Samuel the Lamanite warned the Nephites in Zarahemla that the time would come when they would have a hard time holding on to their possessions:
The time cometh that [the Lord] curseth your riches, that they become slippery, that ye cannot hold them; and in the days of your poverty ye cannot retain them….
And then shall ye lament, and say…
Behold, we lay a tool here and on the morrow it is gone; and behold, our swords are taken from us in the day we have sought them for battle.
Yea, we have hid up our treasures and they have slipped away from us, because of the curse of the land.
O that we had repented in the day that the word of the Lord came unto us; for behold the land is cursed, and all things are become slippery, and we cannot hold them.Helaman 13:31-36
More than 300 years later, Mormon saw the fulfillment of that prophecy:
And these Gadianton robbers, who were among the Lamanites, did infest the land, insomuch that the inhabitants thereof began to hide up their treasures in the earth; and they became slippery, because the Lord had cursed the land, that they could not hold them, nor retain them again.Mormon 1:18
Samuel hadn’t explained the cause of the “slipperiness,” except that it was a consequence of their failure to repent. But Mormon’s description provides more background: Secret combinations like the Gadianton robbers had become pervasive. You didn’t know who to trust any more, so you couldn’t trust anybody.
Mormon’s son Moroni describes a similar period of anarchy at the end of the earlier Jaredite civilization:
There began to be a great curse upon all the land because of the iniquity of the people, in which, if a man should lay his tool or his sword upon his shelf, or upon the place whither he would keep it, behold, upon the morrow, he could not find it, so great was the curse upon the land.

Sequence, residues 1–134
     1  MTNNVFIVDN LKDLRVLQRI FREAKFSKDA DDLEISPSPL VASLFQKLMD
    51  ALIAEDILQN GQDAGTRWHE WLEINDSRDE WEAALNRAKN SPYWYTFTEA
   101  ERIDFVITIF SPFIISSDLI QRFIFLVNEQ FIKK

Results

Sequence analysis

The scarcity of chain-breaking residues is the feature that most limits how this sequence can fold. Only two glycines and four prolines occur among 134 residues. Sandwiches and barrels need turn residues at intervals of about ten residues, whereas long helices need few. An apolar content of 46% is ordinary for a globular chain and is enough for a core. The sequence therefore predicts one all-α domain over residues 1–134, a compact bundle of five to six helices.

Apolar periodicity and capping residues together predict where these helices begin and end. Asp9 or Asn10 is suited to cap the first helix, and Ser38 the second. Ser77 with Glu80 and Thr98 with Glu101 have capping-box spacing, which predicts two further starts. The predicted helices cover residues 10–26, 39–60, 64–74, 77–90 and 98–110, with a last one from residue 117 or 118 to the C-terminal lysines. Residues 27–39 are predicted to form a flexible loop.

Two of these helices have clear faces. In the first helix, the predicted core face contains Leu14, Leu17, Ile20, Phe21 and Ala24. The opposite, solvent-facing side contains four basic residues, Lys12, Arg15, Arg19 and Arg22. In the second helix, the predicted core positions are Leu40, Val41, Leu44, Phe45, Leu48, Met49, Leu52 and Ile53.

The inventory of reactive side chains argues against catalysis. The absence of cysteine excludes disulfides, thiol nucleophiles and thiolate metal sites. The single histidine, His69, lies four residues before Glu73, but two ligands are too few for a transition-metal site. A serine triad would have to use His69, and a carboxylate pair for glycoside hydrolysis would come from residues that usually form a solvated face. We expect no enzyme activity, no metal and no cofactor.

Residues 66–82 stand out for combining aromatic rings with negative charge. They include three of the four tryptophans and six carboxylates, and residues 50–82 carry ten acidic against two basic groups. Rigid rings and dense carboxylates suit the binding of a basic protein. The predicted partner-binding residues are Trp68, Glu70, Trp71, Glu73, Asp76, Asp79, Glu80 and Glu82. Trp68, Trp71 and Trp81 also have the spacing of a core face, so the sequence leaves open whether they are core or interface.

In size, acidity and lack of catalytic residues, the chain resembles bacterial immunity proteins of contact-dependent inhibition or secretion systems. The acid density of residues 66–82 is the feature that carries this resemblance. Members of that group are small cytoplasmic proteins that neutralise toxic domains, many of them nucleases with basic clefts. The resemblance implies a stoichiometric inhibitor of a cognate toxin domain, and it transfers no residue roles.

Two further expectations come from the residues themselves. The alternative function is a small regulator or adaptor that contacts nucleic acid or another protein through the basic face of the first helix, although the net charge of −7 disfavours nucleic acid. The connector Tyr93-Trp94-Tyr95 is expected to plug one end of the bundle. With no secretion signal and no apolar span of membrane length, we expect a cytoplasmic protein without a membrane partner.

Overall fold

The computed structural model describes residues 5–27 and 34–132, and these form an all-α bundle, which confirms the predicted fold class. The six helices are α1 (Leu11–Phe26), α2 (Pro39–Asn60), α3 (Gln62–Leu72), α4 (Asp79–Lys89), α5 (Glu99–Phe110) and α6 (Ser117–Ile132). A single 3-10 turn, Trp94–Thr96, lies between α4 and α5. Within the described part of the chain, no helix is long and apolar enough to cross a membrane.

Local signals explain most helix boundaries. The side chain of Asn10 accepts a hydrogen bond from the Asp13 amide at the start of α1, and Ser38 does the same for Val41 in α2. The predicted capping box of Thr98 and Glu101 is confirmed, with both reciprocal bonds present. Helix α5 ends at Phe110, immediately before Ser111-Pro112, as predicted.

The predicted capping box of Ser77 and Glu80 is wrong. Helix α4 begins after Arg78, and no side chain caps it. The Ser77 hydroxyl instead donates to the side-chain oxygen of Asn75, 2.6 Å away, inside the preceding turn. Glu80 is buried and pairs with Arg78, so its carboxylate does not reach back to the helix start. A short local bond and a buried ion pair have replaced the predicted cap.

Wherefore every man did cleave unto that which was his own, with his hands, and would not borrow neither would he lend; and every man kept the hilt of his sword in his right hand, in the defence of his property and his own life and of his wives and children.Ether 14:1-2
What a sad state of affairs! That complete lack of trust would severely limit the ability of any group of people to work together and get things done.
I’ve been thinking today about how much we rely on each other, and how many things I take for granted because of the civilization in which I live. When I turn on the faucet, clean water comes out. If I had a problem with the water, I could call someone to help fix it. When I park my car, I’m reasonably confident that it will be where I left it, in good condition, when I return. I buy food at the grocery store and at restaurants with confidence that it is safe to eat. If an emergency occurs, I know that there are people who will come to help.
I realize that not everyone in the world has reliable access to the resources I’ve just listed, but that’s my point. How easily we forget the trust we place in each other every day and how much we take for granted the numerous people who dependably provide the services we need.
Today, I will strive to be more aware of the ways that I depend upon other people. I will be grateful for the trustworthiness and integrity of so many people around me and will remember that our collective prosperity depends on our ability to trust one another.
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